(Joshua 5:13 – 6:27 Written as if an officer in the Jewish army were saying this.)
Everyone knows that we men have an innate genetic ability that most women don’t have. It enables us to find our way from one place to another without having to ask for help. Occasionally we may choose to take a scenic route or travel in circles. That is always done by choice. We know where we are, as proven by the fact that we eventually get where we’re going. That isn’t true only in your day, it was true 3,500 years ago when I lived, too.
Some have said we wandered in the desert for 40 years because the men wouldn’t stop and ask for directions, but that’s not true! We DID ask for directions. Joshua asked for directions to defeat Jericho. I know. I was there. I was a soldier in Joshua’s army, an officer. I had some experience during the last years fighting invaders to protect my family, so Joshua made me an officer in our totally inexperienced army. I was experienced to warfare.
I guess you’ve realized that life in a series of one battles after another, haven’t you? Serving God isn’t not smooth and easy. It seems there is always some opposition. Oh there may be lulls in the conflict, but then the fight starts back up again. If that’s your experience, you’re on the right track! If you never have struggles something is wrong! Paul himself experienced this same thing (II Tim 4:6-7).
In my day they were physical battles, but in yours they are spiritual battles (Eph 6:12). We fought with muscle and sword. Your battles rage in your heart and soul. Satan used the flesh and the world to defeat us. Still, God is the victor. We can have victory, too, if we follow Him and fight in His strength. That’s what we did at Jericho.
Jericho was formidable, inaccessible. We had to defeat it to go ahead. The flooding Jordan was behind us and mountains were on each side of us. Jericho was a fortress for all living in the region. There was a double wall about 35’ wide and 30’ high with a dry moat outside. It looked impossible, especially to our army which had never fought a battle. We were totally untrained in warfare. Joshua did the right thing – he went to God for help.
I led a small group that went to protect him as he went nearer to Jericho, to think and plan. A siege would take many years. We had no equipment for a direct attack on such strong walls. What could we do? As we mulled over the options and eliminated each one, all of a sudden Someone appeared (Joshua 5:13). We didn’t realize it right away, but we soon discovered it was God Himself, the Second Person of the Trinity, before He came to earth to be known as Jesus. He said He wasn’t on our side or on our enemies side – just His own side (5:14). It was up to us to fight on God’s side, not to try and get God to fight on our side.
As we watched from a distance Joshua fell down in humble reverence (5:14-15). Later Joshua told us what this meant to him. He knew he wasn’t alone, and that’s important for a man and a leader to know (Heb 13:5). He realized he was second in command, taking orders from Someone greater, and that is very comforting for a man and a leader. Especially reassuring was the assertion that the battle was already won. Realizing that we don’t fight for victory, but that we fight from victory, is great encouragement (John 16:33). We knew every place where we set foot was ours, but setting foot in Jericho wouldn’t be easy! It was the PROMISED land, and we had to believe God’s promises that He would provide the way.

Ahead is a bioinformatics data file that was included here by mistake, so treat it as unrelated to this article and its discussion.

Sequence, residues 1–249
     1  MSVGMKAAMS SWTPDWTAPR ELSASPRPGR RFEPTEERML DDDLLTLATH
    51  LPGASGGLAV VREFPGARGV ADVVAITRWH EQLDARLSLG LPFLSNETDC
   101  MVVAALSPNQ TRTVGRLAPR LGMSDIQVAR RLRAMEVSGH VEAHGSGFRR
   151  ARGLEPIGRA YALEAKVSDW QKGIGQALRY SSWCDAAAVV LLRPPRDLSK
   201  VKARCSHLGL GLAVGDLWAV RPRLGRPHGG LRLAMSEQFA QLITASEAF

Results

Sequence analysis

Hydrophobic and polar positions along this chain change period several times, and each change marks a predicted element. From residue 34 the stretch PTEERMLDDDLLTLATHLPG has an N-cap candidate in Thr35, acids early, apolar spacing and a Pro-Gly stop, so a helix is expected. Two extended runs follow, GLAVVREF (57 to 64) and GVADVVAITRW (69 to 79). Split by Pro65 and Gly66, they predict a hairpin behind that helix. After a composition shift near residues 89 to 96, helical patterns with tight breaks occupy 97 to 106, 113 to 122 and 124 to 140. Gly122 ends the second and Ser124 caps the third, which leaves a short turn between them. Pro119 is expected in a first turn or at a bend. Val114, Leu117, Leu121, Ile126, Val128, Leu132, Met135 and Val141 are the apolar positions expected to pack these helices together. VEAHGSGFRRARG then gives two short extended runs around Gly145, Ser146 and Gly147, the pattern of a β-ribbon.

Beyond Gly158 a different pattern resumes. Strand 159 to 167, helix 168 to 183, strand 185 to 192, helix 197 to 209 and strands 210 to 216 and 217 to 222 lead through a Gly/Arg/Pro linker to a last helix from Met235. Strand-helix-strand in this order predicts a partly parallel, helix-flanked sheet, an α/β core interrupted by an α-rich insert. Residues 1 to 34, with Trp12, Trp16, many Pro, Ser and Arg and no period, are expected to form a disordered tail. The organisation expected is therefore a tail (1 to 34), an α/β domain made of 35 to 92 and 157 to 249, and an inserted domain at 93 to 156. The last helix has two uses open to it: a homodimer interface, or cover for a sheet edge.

Provide He did – but what a crazy plan He came up with, nothing that any of us would ever advised Joshua to do. March around the city once a day for six days, then on the seventh go around seven time, blow the trumpets and shout, and when the walls fall in enter and kill everyone (Joshua 6:1-5). God’s ways are certainly different than man’s ways (Isa 55:8; Prov 14:12). They seem strange at the start – but they work!
What can I say but that we obeyed (6:6-14). It was hard for a soldier to endure the taunts of the people in Jericho and not make a sound, but this was God’s way of showing that He was doing it all and it wasn’t our strength or skill that brought victory (Ex 14:14; Ps 46:10-11). We fought, but He brought the victory. God will do it all, but I must show up and do my part (Heb 11:30).
The seventh day was when we would either win all or lose all. It still seemed strange. By the time we walked around seven times it was late and we were tired, NOT the time for an attack! Sometimes obeying God seems hard and strange, contrary to common sense. But you never go wrong when you obey God, when you fight your battles His way (6:15-21). He tells us to forgive those who purposely hurt us and don’t apologize. We are to love those who reject us. He says to turn to other cheek to those who use and take advantage of us. We are commanded to pray for those who plot us evil. In addition we are to share with the needy and not worry about the future. Forgive, love, serve, pray, they sound like strange directions to follow, but they, too work! They can’t be done in one’s own strength, but in God’s they bring victory over impossible odds.
When we obeyed God we ended up with one of the most famous military victories in history. The walls fell outward into the moat so we could easily enter. Only the section at Rahab’s house stood and they were rescued (6:22-27). God kept His promises to us, as He keeps His promises to you. God is full of grace and mercy. Obey Him. Don’t follow your own innate male (or female) sense of direction (Prov 14:12). His grace will sustain you.
(If I can answer questions or offer personal counsel, or if you would like a free copy of my Spiritual Warfare Handbook, email me at Jerry@ChristianTrainingOrganization.org or download it from http://sw.christiantrainingonline.org/. My next book, Spiritual Warfare in the Bible, which is a more advanced treatment of spiritual warfare, is also available there for free.)